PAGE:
In the past I’ve blogged about lethal radioactive chemicals (here and here) as possible murder weapons to use in your murder mysteries and thrillers. There is another rather dramatic radioactive agent—a beneficial medication at that—which could take center stage in the development of your next lethal plot.
Samarium is a radioisotope drug used to treat the pain associated with bone cancer. The treatment is more palliative than curative—that is, it increases a patient’s comfort level by decreasing the pain associated with metastatic bone cancer but does not cure the disease. The drug is often one of several treatments used for patients with lung, prostate and breast cancers—as well as those with osteosarcoma.
The chemical, named samarium Sm 153 lexidronam, has an interesting molecular structure such that the body treats the chemical like calcium and selectively uptakes the drug into the body’s skeletal structure like it would calcium. Once administered, the drug is distributed throughout the body before it is absorbed into bones, where it remains.
What makes this pharmaceutical such a great murder weapon is that it’s given intravenously in a clinical setting such as a hospital, and therefore it’s relatively easy to obtain for the creative villain. There are more than 10,000 hospitals worldwide that use radioisotopes in medical treatments. Therefore, it’s a good bet that a hospital clinic that treats metastatic bone cancer would have samarium-153 on hand.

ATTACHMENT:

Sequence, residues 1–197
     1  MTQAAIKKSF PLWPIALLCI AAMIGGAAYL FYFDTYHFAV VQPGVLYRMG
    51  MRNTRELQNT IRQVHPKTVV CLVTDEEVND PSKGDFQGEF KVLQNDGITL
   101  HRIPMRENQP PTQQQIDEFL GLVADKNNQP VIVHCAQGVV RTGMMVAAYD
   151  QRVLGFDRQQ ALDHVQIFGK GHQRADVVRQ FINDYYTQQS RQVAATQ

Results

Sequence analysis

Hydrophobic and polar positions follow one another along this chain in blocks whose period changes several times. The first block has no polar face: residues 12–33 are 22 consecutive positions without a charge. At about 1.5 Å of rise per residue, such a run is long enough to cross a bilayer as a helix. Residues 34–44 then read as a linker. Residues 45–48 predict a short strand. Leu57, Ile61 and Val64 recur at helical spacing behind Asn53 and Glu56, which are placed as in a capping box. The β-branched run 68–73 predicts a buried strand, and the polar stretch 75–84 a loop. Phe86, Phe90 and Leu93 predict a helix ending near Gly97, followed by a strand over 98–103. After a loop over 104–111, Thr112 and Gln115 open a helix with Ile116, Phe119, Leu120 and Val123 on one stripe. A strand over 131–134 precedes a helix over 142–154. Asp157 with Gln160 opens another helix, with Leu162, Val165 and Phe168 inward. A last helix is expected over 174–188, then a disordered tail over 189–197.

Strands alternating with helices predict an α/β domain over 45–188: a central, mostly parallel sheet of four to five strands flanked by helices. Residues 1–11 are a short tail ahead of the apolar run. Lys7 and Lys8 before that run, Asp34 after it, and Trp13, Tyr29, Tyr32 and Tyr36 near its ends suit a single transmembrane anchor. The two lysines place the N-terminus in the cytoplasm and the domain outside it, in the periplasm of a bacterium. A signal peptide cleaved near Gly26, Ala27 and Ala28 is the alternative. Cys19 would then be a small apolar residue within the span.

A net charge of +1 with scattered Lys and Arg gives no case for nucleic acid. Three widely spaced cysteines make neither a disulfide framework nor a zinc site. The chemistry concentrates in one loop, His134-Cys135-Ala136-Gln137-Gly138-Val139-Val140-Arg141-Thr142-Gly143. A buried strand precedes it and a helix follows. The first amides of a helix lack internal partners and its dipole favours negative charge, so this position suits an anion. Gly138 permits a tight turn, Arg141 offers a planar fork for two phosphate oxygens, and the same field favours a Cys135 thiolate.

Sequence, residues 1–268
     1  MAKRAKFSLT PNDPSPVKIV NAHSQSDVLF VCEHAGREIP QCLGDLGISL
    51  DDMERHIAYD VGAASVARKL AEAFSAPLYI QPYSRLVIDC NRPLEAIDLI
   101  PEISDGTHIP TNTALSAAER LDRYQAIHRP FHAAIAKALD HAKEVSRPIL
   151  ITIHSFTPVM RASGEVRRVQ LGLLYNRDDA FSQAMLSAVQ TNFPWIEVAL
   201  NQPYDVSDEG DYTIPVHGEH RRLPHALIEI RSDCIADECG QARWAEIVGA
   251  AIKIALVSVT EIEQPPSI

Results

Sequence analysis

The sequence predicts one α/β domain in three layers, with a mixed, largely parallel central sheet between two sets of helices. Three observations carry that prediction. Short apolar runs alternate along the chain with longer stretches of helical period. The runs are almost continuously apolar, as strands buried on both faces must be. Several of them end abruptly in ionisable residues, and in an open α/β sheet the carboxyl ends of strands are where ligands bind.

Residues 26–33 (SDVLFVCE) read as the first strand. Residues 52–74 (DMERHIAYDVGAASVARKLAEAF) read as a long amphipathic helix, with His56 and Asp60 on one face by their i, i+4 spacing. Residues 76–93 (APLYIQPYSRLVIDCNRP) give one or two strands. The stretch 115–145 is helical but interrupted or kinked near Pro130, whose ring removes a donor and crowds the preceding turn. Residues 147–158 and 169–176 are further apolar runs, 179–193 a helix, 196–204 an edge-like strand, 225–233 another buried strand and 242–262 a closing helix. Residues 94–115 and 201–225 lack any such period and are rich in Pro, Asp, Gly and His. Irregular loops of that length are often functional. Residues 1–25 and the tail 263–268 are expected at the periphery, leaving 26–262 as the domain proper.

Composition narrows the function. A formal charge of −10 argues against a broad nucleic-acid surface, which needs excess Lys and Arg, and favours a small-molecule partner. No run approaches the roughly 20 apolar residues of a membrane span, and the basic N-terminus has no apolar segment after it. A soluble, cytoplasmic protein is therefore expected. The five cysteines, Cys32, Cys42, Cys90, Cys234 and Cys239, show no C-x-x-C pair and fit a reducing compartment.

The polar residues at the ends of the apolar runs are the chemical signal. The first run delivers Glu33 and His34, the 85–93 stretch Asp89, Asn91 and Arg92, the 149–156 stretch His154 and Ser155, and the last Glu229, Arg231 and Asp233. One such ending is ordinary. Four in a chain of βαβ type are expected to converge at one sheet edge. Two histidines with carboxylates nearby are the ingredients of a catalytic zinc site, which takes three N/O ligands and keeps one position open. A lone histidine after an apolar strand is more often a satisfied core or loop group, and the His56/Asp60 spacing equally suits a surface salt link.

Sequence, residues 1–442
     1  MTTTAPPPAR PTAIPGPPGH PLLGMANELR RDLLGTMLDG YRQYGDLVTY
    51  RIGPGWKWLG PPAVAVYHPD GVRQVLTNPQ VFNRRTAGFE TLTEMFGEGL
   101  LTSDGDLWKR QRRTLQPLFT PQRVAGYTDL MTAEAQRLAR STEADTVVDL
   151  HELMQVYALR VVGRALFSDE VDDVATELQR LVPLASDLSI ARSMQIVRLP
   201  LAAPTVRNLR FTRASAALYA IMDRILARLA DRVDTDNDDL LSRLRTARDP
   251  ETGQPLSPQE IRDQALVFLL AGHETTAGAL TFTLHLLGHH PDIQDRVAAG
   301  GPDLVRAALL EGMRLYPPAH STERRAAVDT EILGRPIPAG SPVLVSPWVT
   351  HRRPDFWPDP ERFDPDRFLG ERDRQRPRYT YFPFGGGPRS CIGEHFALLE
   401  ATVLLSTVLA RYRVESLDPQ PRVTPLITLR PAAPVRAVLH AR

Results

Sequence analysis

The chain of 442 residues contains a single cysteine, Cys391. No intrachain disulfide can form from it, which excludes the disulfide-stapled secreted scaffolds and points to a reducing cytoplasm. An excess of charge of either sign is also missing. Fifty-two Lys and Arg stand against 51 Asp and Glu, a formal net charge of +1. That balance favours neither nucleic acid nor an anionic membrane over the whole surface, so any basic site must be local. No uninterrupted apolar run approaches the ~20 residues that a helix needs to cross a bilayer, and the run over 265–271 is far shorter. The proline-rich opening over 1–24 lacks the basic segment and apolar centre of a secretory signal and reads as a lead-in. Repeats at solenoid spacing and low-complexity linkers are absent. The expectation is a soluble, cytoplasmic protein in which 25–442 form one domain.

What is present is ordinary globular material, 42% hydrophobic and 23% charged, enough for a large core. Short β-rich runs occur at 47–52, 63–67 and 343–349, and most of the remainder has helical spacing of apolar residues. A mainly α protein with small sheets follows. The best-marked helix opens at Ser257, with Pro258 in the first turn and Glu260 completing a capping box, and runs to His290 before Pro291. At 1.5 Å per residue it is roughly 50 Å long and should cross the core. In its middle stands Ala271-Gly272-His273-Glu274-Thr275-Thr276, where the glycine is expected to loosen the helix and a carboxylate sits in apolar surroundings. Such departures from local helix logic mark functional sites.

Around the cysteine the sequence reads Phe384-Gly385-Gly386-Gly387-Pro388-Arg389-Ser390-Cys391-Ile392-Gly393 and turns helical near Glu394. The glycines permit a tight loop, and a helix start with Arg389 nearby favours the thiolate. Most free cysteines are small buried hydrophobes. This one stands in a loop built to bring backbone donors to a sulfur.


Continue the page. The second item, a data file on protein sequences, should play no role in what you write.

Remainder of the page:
The drug emits both radioactive beta particles (the therapeutic part) and gamma rays (which make it easier to locate in the body). As with other radioactive chemicals, larger than therapeutic doses can be lethal. In one of the episodes of the television drama Law and Order Criminal Intent, a person is murdered by unknowingly ingesting three vials of samarium-153.
Samarium is available as a preservative-free solution that is clear, colorless to slight amber in color, and comes in 10-ml vials that must remain frozen until used. The drug expires (technically, its therapeutic half life) within 48 hours after being removed from the freezer.
The side effects of an overdose can be dramatic. The initial symptoms include dizziness, fatigue, joint aches, fever, chills, cough and a sore throat—in other words, flu-like symptoms occur early on that can mask the detection of a victim being poisoned until it’s too late. The symptoms progress to noticeable heart rhythm abnormalities, breathing difficulties, tingling or numbness of the extremities, excessive nosebleeds and internal bleeding that can exhibit as blood in the urine.
Certainly, this prescription drug is of great benefit to the medical community, but it can also be an exceptionally useful tool for the murder mystery writer with a creative, and possibly devious, mind.
Thoughts? Comments? I’d love to hear them!